In early days of MBR technology, MLSS had been considered a controlling parameter of membrane fouling. But, later studies revealed MLSS itself was only weakly correlated with membrane fouling in its common ranges such as 6-15 g/L as long as membrane scouring was performed reasonably well. In fact, as discussed here, SRT and F/M ratio has replaced MLSS as dominant factors affecting membrane fouling.
According to the critical flux concept discussed here, only very small sub-micron sized particles can deposit on membrane surface due to the particle back transport phenomena under crossflow condition. Since sub-micron sized particles or macromolecules take only a very small portion of biosolids, MLSS itself should not be strongly correlated with membrane fouling.
Unfortunately there are lots of literature contradicting among others regarding MLSS effect. The possible causes are as follow.
1. SRT effect
When MLSS effect is explored empirically, all other process parameters must be identical including SRT, pH, temperature, origin of sludge, etc. However, many observations on MLSS effect appear not from rigorously controlled environment under the solid understanding on process dynamics.
- In some studies, membrane fouling rates are measured while biosolids are allowed to concentrate gradually by reducing excess biosolids removal rate from the system. In this condition, SRT is gradually increasing while biosolids never have sufficient time to reach equilibrium condition at each SRT condition. As a result, the measured membrane fouling rates must be affected not only by MLSS, but also by SRT in this case. Under this condition, the likely conclusion is that membrane fouling increases as MLSS increases, but the real cause of the rising membrane fouling is the increasing young microorganisms, which decreases effective SRT.
- Conversely, if MLSS is allowed to decrease gradually by increasing biosolids removal, the effective SRT is declining while MLSS is also declining. Under this condition, membrane fouling rates likely increases as MLSS declines. But, the real cause of increasing membrane fouling is the declining SRT.
- Any experiment performed without rigorously controlling SRT would conclude anywhere between above two.
For example, if the experimental results in Yong et al. (2006) is analyzed with respect to MLSS, one may conclude membrane fouling decreases as MLSS increases based on Fig. 1 below. This is not a right interpretation because it neglects the varying SRT effect as MLSS increases. In this case the actual SRT of four different MLSS were 3, 5, 10, 20 days, respectively. (Note: This is only a thought experiment, which is not what the authors intend to do in the original paper)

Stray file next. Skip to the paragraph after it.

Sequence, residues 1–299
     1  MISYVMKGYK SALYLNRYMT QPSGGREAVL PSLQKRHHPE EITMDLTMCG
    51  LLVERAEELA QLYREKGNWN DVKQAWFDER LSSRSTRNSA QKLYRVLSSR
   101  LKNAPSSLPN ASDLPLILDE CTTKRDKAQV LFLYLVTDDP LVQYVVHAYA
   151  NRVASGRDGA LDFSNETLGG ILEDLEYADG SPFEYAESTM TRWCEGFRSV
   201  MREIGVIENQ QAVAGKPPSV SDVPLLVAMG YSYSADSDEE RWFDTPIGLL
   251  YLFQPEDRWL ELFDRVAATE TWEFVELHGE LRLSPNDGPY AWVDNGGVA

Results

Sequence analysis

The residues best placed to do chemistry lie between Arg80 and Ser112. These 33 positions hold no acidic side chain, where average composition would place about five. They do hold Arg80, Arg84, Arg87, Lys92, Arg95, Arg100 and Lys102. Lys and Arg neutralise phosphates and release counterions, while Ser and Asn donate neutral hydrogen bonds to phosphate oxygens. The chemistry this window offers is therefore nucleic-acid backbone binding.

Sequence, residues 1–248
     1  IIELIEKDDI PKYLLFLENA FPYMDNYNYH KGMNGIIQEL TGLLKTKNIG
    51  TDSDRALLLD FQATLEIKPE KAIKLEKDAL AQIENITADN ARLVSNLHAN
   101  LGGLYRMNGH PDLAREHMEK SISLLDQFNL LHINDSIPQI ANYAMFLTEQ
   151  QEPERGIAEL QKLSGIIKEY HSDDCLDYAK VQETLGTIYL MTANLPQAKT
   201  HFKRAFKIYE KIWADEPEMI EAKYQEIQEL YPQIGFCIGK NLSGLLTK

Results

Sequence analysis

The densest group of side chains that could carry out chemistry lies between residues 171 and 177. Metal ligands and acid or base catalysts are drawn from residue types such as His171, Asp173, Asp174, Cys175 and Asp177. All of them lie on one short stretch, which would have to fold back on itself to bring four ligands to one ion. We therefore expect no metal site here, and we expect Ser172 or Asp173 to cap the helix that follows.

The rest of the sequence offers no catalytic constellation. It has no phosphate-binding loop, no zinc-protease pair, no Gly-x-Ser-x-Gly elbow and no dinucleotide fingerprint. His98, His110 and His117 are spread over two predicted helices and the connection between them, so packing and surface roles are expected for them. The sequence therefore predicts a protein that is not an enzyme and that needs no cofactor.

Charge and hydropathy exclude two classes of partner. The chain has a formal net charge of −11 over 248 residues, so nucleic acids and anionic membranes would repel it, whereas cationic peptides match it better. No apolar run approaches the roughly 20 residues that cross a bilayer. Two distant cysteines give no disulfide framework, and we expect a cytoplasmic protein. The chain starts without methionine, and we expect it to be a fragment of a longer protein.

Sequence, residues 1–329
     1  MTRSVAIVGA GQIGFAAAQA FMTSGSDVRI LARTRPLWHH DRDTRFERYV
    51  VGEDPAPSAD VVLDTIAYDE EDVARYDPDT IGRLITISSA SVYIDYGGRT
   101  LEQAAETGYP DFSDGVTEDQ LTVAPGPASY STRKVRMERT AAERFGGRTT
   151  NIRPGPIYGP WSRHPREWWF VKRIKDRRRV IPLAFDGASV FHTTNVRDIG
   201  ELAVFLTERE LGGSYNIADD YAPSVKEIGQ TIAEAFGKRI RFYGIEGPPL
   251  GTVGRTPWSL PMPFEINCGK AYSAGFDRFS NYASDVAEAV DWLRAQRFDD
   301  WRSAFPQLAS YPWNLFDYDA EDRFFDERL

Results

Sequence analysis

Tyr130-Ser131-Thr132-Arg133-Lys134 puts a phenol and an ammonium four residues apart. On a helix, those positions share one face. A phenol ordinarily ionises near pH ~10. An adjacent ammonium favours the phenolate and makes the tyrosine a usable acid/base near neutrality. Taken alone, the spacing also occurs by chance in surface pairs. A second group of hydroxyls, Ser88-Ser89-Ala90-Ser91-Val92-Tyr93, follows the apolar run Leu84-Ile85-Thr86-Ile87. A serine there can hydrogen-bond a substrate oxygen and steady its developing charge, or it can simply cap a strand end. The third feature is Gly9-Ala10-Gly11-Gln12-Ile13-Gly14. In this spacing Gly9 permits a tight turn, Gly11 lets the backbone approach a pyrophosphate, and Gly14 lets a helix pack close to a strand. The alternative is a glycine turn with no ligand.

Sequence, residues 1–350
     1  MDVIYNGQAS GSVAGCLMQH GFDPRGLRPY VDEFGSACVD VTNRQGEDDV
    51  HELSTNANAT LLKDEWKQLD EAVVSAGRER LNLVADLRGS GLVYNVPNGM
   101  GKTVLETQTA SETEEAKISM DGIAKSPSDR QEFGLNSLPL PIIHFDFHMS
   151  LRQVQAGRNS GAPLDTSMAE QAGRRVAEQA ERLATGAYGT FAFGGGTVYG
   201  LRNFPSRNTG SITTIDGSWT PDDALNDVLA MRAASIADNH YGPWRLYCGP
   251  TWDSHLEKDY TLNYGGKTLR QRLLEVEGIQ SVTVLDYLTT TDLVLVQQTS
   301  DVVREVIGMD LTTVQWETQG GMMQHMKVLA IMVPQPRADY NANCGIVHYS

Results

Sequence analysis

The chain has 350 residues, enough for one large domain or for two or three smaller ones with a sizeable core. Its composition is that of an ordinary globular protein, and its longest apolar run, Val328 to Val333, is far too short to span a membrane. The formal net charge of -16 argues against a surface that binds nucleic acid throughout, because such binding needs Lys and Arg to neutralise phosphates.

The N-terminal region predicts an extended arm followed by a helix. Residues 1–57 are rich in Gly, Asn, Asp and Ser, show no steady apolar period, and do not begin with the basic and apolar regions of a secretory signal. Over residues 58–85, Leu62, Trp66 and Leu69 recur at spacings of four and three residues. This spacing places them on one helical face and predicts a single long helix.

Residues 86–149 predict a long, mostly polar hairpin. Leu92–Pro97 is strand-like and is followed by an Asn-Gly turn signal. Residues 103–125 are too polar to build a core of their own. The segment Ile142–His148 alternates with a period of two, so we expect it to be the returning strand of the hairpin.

On the contrary to the above example, MLSS were raised by not discharging excess sludge before the experiment to obtain the target MLSS in other example (Damayanti, 2011). Once the target MLSS was reached, filtration tests were performed to estimate membrane fouling at the MLSS. Though apparent SRT increases as excess sludge removal decreases, biosolids are not fully adapted with the longer SRT. As a result, membrane fouling rate increases quite dramatically as MLSS increases as shown in Fig. 2.
In other example, the MBRs based on attached growth and suspended growth were compared, where attached growth reactor had far less MLSS than suspended growth reactor despite the identical volumetric organic loading rates (Lee, 2011). Authors suggested that the lower the MLSS was the higher the membrane fouling rate was, but the greater fouling rates in attached growth MBR could be due to much shorter SRT or higher effective F/M ratio (Lee, 2002).
2. DO effect
If MLSS is raised to investigate its effect on membrane fouling, oxygen demand increases due to the increased endogenous respiration rate by more dense microorganisms. Meanwhile, oxygen dissolution rate can decrease as a result of lowering oxygen transfer efficiency (OTE) as discussed here. Unless aeration rate is raised, DO tends to decrease, which in turn cause faster membrane fouling as discussed here. The same can occur when F/M ratio is raised, if oxygen dissolution is not sufficient.
Fig. 1. Effect of MLSS on membrane fouling rate (Modified from Yong, 2006).
Fig. 2. Trend of membrane fouling rate (dTMP/dt) as a function of the flux at various MLSS (Damayanti, 2011).
© Seong Hoon Yoon